There's a narrow line between remaining at a company for a lengthy period of time to demonstrate that you're not a job hopper and doing so for so long that potential employers are wary of hiring you.
Employers can believe you have a less diverse and developed set of abilities than a candidate who has mastered a wider range of occupations if you stay in the same position for an extended period of time.
Although every person's career path is unique, you can obtain a general idea of how much time workers typically spend at each job. The average length of employment varies by occupation, sector, age, and gender.
The ideal duration to build a successful record without experiencing the drawbacks of job stagnation is often three to five years in a position without a promotion.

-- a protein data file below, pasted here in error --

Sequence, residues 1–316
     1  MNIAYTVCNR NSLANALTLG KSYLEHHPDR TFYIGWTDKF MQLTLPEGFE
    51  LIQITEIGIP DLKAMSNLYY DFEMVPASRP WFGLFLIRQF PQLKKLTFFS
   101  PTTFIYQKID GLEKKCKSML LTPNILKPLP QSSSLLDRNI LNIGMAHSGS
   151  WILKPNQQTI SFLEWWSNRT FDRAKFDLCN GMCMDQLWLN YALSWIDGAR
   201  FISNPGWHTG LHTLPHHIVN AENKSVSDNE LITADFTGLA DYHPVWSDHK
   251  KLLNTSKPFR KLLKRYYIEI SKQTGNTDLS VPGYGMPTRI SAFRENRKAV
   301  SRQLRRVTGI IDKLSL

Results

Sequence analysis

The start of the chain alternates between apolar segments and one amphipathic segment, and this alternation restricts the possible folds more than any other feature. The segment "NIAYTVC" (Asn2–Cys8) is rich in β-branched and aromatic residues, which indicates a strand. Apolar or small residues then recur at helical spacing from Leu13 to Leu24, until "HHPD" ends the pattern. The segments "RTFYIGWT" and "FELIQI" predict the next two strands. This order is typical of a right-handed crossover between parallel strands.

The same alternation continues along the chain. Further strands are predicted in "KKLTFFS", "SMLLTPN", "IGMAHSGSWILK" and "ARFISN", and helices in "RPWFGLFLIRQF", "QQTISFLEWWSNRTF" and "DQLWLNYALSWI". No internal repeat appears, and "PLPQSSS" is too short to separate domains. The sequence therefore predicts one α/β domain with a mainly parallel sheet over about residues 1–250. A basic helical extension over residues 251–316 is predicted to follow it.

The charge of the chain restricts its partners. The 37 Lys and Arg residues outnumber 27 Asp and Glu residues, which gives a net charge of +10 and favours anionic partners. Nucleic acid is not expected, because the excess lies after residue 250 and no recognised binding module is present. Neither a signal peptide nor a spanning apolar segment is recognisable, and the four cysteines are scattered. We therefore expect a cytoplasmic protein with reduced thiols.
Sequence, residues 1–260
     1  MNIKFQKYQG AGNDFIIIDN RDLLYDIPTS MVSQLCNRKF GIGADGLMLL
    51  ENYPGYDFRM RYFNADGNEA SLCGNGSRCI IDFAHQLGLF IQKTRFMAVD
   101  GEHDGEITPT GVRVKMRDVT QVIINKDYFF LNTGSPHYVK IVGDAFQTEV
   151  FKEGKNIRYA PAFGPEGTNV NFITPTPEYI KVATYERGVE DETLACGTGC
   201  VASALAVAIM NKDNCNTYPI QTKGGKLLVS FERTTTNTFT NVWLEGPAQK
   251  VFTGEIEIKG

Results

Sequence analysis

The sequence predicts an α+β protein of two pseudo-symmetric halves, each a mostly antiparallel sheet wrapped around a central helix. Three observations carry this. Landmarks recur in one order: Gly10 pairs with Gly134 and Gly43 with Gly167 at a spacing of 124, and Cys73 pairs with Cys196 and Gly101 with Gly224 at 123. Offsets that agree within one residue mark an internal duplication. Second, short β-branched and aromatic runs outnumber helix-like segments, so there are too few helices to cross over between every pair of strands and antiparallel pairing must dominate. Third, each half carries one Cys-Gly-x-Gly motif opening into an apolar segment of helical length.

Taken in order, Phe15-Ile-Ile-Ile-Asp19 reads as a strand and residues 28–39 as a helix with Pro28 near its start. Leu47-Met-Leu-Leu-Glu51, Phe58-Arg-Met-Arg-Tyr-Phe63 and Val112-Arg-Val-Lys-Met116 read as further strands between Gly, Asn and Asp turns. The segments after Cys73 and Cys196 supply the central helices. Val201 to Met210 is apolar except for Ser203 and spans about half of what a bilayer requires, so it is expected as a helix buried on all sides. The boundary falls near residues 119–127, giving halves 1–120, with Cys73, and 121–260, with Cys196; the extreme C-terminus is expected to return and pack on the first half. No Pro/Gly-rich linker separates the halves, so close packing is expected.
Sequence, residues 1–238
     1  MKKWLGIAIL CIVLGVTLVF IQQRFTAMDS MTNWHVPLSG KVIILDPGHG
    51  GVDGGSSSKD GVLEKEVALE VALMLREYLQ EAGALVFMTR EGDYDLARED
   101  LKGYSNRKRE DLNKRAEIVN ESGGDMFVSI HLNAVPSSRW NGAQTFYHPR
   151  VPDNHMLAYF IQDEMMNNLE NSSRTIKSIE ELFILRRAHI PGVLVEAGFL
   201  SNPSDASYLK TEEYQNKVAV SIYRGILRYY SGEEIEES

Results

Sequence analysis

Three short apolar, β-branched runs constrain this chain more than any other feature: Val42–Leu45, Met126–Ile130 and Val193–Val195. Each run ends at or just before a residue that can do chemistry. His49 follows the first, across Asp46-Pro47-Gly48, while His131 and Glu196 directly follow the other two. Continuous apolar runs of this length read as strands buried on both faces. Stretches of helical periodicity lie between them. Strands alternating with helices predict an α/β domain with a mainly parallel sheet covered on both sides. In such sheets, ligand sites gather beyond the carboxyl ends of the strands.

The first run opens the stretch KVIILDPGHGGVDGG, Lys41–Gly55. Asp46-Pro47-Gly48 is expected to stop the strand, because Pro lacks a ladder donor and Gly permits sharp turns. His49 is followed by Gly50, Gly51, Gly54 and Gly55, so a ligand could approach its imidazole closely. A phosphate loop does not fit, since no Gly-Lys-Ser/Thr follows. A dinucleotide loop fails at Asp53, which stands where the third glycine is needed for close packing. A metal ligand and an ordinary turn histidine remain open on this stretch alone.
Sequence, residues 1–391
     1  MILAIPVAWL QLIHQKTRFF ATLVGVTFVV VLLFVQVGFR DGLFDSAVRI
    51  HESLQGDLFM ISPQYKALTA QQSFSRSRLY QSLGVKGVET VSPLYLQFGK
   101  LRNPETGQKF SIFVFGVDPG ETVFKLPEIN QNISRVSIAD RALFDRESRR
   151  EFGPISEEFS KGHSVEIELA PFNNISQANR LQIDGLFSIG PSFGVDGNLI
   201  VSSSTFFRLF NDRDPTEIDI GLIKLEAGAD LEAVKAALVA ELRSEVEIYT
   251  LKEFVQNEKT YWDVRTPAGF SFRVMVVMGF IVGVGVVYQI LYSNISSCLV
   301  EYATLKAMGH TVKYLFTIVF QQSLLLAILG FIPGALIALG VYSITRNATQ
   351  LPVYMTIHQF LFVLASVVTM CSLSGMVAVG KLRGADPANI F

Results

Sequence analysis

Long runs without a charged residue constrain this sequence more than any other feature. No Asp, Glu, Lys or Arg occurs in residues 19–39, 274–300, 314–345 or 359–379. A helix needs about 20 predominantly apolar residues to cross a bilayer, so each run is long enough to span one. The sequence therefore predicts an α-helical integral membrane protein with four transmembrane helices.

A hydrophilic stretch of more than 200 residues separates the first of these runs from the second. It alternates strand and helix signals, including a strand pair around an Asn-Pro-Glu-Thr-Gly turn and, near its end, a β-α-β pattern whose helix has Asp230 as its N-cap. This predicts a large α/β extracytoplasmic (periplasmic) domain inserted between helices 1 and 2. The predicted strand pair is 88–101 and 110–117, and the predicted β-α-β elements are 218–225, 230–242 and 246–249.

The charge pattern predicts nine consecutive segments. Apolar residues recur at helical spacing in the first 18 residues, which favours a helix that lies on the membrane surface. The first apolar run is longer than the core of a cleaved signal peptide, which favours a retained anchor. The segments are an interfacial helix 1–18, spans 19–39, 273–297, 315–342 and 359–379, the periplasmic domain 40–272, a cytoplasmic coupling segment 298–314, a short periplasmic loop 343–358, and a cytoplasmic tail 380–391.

Long tenure is less likely to affect your prospects of being hired if you are progressing up the professional ladder at your current workplace.
Promotions in fact demonstrate to potential employers that you are ready and prepared to take on additional duties and difficulties.
Don't instantly quit your job and begin looking for a new one if you've decided it's time to move on. It's critical to thoroughly consider your exit strategy and, if at all feasible, to have a new position secured before leaving your current post.
You will need to address any potential unfavorable perceptions during job interviews if you have worked at one place for more than five years. Prepare an explanation of why you remained so long.